Worldwide in tropical to temperate latitudes
Open ocean (pelagic)
Vulnerable To Extinction
Order Lamniformes (mackerel sharks and relatives), Family Lamnidae (mackerel sharks)
The shortfin mako shark is a large, predatory shark that lives in the open ocean and reaches lengths of 12 feet (3.8 m) and weights of at least 1200 pounds (545 kg). With top speeds of 45 miles per hour (74 kilometers per hour), the shortfin mako is the fastest shark and is one of the fastest fishes on the planet. This species’ athleticism is not restricted to its swimming speeds. It is known for its incredible leaping ability and can be observed jumping to extreme heights (out of the water) when hunting.
Shortfin mako sharks are known to be highly migratory, with individuals making long migrations every year. Like the true tunas, the great white shark, and some other fishes, the shortfin mako shark has a specialized blood vessel structure – called a countercurrent exchanger – that allows them to maintain a body temperature that is higher than the surrounding water. This adaptation provides them with a major advantage when hunting in cold water by allowing them to move more quickly and intelligently. This species feeds on a variety of prey. They are known to primarily eat bony fishes (including relatively large tunas) and squids but also eat other sharks, small marine mammals, sea turtles, and even dead organic matter. Shortfin makos are at the top of the pelagic food web, and adults do not have any known natural predators. Juveniles are likely eaten by other sharks and perhaps by cannibalistic adults.
Shortfin mako sharks mate via internal fertilization and give live birth to a small number of relatively large young. Though they give live birth, these sharks do not connect to their young through a placenta. Instead, during the gestation period, the mother provides her young with unfertilized eggs that they actively eat for nourishment. While the shortfin mako shark is one of only very few shark species known to have bitten and killed people, these events are extremely rare and likely accidental (a case of mistaken identity).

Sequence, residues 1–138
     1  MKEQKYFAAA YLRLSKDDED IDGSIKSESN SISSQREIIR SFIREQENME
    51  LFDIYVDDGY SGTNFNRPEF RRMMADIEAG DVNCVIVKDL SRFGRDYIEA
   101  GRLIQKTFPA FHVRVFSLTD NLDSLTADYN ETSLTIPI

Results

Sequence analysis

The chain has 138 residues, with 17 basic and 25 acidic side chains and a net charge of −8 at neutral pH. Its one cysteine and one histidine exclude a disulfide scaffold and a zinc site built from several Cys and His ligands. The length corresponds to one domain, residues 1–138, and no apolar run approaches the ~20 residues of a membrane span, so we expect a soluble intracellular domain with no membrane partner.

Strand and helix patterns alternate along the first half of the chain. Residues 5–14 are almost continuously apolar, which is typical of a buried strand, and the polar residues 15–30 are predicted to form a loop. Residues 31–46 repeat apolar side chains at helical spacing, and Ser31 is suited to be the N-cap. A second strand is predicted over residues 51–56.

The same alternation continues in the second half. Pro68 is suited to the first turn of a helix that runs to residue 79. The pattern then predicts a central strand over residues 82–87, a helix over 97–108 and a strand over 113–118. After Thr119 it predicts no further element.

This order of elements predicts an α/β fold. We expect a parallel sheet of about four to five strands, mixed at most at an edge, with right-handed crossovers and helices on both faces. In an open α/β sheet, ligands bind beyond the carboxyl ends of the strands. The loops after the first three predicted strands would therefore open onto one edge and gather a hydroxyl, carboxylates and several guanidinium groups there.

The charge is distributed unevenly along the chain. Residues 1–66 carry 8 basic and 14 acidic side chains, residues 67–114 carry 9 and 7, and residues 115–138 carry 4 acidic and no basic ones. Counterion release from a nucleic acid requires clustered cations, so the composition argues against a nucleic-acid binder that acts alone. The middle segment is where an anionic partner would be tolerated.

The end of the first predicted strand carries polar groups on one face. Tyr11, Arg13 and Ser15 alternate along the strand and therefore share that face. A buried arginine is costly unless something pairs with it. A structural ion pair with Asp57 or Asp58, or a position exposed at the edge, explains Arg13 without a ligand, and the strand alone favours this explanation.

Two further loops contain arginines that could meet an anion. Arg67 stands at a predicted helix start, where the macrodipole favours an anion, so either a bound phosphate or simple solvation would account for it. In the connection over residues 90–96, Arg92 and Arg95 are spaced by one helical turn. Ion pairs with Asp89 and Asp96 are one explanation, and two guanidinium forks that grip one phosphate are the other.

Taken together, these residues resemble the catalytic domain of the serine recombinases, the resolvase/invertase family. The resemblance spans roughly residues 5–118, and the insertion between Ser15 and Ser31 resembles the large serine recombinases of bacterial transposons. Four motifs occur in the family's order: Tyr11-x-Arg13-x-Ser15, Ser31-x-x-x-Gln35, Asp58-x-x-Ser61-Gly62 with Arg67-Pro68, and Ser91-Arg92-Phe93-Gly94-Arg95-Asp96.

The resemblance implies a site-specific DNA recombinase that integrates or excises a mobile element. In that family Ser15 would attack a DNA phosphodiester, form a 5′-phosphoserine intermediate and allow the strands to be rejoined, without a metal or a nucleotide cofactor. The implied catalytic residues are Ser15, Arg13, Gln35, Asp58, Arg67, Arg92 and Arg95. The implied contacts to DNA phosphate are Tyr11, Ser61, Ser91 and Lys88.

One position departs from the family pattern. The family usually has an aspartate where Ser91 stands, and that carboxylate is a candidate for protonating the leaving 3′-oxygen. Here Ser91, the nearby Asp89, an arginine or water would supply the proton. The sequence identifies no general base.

Shortfin mako sharks have a large geographical range and are found widely in tropical to temperate latitudes of all oceans. Everywhere that they live, they are either targeted commercially or captured accidentally in fisheries targeting other species. These sharks are valued for the high quality of their fins and meat. Fishers that use longline fishing gear to target swordfish, yellowfin tuna, and other tunas regularly capture shortfin mako sharks and keep them to sell commercially. Other fisheries use longline or gillnet fishing gear to specifically target these sharks. The combination of these practices is driving down populations of shortfin makos all around the world, and scientists now believe them to be vulnerable to extinction. Without increased conservation and management efforts, this species’ populations will continue to decline, perhaps to a dangerous degree.